After serving 32 years in prison, man claiming innocence may have life sentence vacated
In January of 1990, an apartment unit at 135 South Dixie Highway in Coconut Grove was robbed.
Two men burst through the door demanding valuables. One was masked, one was not.
During the robbery, one of the men inside, Francis McKinnon, heard the commotion and left his bedroom.
It was then the gunman shot and killed him.
McKinnon’s murder was witnessed by his family, including his step daughter, Dorthy Walton.
She would play a vital role as the case moved through the justice system, serving as the state’s star witness at trial.
According to police reports, anonymous tips began pouring in that the men responsible for the robbery were Thomas Raynard James and a guy who went by the name Dog Williams.
When police tracked down James, he had an iron clad alibi; he was already in jail. It would have been impossible for him to be involved in the murder.
“The person they was referring to was someone that had the same name as me,” James said in an interview with Local 10′s Bridgette Matter at a prison facility in Doral.
James said this is a case of mistaken identity.
Witnesses reported to police James was the possible suspect, but when police realized James was in jail, they moved onto him. James was picked out in a photo lineup by eye witnesses.
James’ lawyer said when police found her client seven months later, he was arrested for unrelated charges. He was then slapped with a murder charge for McKinnon’s death.
James thought it was a mistake that would be worked out. A mistake, he says, that cost him 32 years of his life.
When police asked James for an alibi, he could not give one.
This was 1990, when GPS tracking that we are used to today, was not something he could lean on.
James could not remember where he was on that random day seven months prior. James did not have a clean record — he had dabbled in drug sales before, but said he was not a killer.
In the months that followed, James was convicted of murder, with prosecutors even weighing the death penalty, though ultimately he was sentenced to life in prison.
James spent the next three decades investigating his own case. In prison, he made a shocking discovery: he found that other Thomas James, who went by Tommy James.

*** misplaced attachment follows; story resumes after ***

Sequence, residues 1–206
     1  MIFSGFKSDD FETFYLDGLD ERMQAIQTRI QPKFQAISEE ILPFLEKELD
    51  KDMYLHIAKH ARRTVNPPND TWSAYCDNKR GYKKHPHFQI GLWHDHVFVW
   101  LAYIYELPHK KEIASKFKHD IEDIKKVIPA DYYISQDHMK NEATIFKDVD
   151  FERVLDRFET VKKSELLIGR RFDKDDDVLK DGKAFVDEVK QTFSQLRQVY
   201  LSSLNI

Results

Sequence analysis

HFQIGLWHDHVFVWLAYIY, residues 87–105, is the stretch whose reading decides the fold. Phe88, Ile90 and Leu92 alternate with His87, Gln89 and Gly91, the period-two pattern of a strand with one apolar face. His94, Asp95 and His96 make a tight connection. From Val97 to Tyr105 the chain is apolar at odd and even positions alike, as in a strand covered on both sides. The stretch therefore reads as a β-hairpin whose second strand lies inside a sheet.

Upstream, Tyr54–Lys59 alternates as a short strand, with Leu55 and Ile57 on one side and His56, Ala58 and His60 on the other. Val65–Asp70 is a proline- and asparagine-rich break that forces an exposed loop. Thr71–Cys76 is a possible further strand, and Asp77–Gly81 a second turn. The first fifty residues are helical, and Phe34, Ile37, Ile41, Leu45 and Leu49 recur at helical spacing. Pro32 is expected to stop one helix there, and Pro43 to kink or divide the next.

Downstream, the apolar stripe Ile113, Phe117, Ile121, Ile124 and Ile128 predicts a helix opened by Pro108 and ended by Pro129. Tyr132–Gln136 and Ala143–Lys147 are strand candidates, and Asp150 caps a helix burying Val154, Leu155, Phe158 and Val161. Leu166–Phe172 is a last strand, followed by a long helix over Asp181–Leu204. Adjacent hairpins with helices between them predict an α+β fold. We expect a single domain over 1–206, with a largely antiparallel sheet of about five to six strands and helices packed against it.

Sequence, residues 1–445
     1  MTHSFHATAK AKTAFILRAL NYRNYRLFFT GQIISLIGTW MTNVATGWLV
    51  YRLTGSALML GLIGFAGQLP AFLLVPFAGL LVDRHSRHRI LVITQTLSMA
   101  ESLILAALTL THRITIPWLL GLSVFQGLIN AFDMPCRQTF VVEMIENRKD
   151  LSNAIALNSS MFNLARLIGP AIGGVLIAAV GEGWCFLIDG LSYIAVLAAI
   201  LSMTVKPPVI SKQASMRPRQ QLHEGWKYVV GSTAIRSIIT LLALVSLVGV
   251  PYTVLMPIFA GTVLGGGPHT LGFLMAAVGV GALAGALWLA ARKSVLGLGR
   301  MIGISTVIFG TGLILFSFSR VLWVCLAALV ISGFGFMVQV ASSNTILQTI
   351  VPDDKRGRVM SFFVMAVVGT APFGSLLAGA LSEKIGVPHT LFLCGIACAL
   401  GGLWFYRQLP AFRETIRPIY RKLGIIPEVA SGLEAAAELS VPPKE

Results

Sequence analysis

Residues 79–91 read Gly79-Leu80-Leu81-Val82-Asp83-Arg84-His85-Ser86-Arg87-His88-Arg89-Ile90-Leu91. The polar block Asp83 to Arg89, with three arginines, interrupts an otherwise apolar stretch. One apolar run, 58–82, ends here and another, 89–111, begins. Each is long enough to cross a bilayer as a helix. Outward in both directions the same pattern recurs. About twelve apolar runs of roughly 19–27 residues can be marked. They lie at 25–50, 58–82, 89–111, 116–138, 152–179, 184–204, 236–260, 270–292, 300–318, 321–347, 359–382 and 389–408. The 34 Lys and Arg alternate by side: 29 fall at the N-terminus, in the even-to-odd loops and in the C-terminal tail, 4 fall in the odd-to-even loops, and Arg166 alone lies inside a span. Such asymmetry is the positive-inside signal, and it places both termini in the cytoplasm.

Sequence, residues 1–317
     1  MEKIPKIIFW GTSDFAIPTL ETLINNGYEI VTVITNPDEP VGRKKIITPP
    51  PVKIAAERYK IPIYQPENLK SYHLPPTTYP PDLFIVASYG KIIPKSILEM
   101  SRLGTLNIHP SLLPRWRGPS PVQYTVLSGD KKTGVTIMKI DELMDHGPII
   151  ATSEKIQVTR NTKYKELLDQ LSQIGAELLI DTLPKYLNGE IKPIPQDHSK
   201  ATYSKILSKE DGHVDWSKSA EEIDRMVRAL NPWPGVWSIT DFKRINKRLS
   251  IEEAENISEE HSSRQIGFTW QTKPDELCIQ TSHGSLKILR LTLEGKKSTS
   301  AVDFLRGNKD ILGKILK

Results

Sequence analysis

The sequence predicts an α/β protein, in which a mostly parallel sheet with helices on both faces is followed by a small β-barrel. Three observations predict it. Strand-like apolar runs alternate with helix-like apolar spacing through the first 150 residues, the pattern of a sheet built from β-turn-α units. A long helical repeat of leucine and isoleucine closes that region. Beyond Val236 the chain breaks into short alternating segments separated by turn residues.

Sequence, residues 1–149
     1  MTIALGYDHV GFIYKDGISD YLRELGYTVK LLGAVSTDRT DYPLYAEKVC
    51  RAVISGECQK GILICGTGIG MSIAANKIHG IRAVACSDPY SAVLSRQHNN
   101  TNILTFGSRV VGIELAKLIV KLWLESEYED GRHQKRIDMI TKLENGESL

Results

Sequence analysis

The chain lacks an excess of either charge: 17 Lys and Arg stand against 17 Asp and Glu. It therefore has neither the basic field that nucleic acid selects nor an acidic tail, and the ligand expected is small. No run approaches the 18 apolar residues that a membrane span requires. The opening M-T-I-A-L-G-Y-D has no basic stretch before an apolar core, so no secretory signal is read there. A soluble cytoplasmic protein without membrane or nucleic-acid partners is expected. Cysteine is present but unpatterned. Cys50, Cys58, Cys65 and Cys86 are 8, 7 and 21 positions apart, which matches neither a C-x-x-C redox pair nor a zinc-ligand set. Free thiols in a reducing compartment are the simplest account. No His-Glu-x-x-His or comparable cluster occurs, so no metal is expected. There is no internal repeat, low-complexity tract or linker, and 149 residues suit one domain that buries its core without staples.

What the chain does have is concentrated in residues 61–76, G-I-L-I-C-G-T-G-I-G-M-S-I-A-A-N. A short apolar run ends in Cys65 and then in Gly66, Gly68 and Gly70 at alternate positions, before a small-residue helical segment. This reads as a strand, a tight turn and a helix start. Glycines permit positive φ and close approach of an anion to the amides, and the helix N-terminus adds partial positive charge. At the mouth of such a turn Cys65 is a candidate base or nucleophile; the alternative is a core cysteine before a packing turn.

He talked to anyone who would listen and made attempts to appeal his case. He contacted news outlets, but it all fell on deaf ears. Through it all, James maintained his innocence.
“It’s like living a nightmare, and for the last 30 some years I’ve been trying to wake up from it,” James said.
James’ lawyer, Natlie Figgers, said the evidence police had to link her client to the crime scene was shaky at best. There was no DNA evidence link and the nine prints lifted did not match him, either.
“I am 1,000 percent sure my client is innocent,” Figgers said.
In 2021, the State Attorney’s Office Justice Project reopened James’ case. Figgers said the state’s star witness, Walton, recanted her statement.
She was eventually subpoenaed by the State Attorney’s Office to issue a new statement. James also took a polygraph test. He was asked:
Were you involved in the robbery and shooting of Francis McKinnon in any way?Did you shoot Francis McKinnon?Were you physically in the apartment when Francis McKinnon was shot?
James answered “no” to those questions, and no deception was found.
Figgers said he is scheduled to be released from prison, and will soon face a judge. His sentenced is expected to be vacated.
At the end of Local 10 News’ interview, James said he was cautiously optimistic he would get out.
“This is the closest I’ve got,” he said. “I can actually smell it.”